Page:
Description and Biology
The green peach aphid, Myzus persicae, is light to dark green or pink, with red eyes. Three dark lines run down its back. Adults may or may not be develop wings. Nymphs are wingless and resemble adults. The green peach aphid is a pest all over the world. In the northern United States, green peach aphids overwinter as eggs on Prunus spp, but in the Southeast, no eggs are laid. Instead, female aphids give birth to young females during the growing season. Up to 30 generations occur each year. A complete life cycle may be as short at 12 days.
Its high reproductive rate and resistance to pesticides make the green peach aphid a formidable pest in the greenhouse and to a lesser extent in the landscape, garden, and field crops. Although damage per aphid is often not serious, these aphids reproduce so rapidly that serious harm can be done in a short time. Green peach aphids suck plant sap and contaminate the host with honeydew and cast skins. Sooty molds sometimes grow in the honeydew. Some hospitals refuse to allow cut flowers in patients' rooms because of the mess caused by aphids. Green peach aphids are also the vectors of a number of plant viruses including tobacco, tomato, lettuce, dahlia, canna, and bee mosaics as well as tuber spindle, rugose mosaic, and leaf roll diseases of potato.
Ladybugs, lacewings, syrphid flies, damsel bugs, wasps, and parasitic fungi tend to regulate green peach aphid populations outdoors. Wind, rain, and splashing mud also help check aphid populations outside. The green peach aphid is resistant to many insecticides, including pyrethroids, so use soap or horticultural oil for control. Because some ornamental plants can be somewhat sensitive to pesticides, be sure to water plants thoroughly before spraying them. Treat them in early morning or in late evening so that the pesticide residue is dry before the plants are exposed to direct sunlight.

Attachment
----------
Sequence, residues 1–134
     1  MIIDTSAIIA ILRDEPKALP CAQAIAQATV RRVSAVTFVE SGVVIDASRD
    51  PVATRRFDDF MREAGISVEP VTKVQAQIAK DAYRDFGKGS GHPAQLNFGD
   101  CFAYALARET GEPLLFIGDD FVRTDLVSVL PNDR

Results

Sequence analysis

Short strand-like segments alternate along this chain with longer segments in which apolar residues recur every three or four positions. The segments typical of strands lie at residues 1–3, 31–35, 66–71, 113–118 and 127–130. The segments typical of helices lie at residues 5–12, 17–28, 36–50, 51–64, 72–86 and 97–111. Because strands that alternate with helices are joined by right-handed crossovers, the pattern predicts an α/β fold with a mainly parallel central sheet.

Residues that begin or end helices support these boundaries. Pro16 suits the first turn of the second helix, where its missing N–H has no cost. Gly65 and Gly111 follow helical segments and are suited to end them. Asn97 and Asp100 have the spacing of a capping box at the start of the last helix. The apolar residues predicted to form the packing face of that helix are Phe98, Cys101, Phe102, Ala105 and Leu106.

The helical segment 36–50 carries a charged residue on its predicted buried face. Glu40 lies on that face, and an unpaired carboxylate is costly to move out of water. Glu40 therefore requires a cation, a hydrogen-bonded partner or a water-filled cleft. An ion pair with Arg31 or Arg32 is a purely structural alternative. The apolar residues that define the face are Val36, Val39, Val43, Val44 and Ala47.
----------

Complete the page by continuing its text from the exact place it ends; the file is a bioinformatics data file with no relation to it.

- Aphids on Ornamental Landscape Plants. Steven Frank. 2009. Entomology Insect Notes, NC State Extension Publications.
- Common name: green peach aphid, scientific name: Myzus persicae (Sulzer) (Insecta: Hemiptera: Aphididae). Capinera, J. L. 2017 (revised). Featured Creatures. Entomology & Nematology, FDACS/DPI, EDIS.
- Horticultural Oils for Ornamental Plants. Frank, S. et al. 2018. Entomology Insect Notes, NC State Extension Publications.
- Insect and related Pests of Flowers and Foliage Plants. Baker, J. R., ed. 1994. NC Cooperative Extension Service Pub. AG-136. 106 pp.
- Sooty Molds. Frank, S. et al. 2019 (revised). Entomology Insect Notes, NC State Extension Publications.
- Extension Plant Pathology Publications and Factsheets
- Horticultural Science Publications
- North Carolina Agricultural Chemicals Manual
For assistance with a specific problem, contact your local N.C. Cooperative Extension Center.
This Factsheet has not been peer reviewed.
Publication date: Jan. 5, 2013
Revised: May 6, 2023
Recommendations for the use of agricultural chemicals are included in this publication as a convenience to the reader. The use of brand names and any mention or listing of commercial products or services in this publication does not imply endorsement by NC State University or N.C. A&T State University nor discrimination against similar products or services not mentioned. Individuals who use agricultural chemicals are responsible for ensuring that the intended use complies with current regulations and conforms to the product label. Be sure to obtain current information about usage regulations and examine a current product label before applying any chemical. For assistance, contact your local N.C. Cooperative Extension county center.
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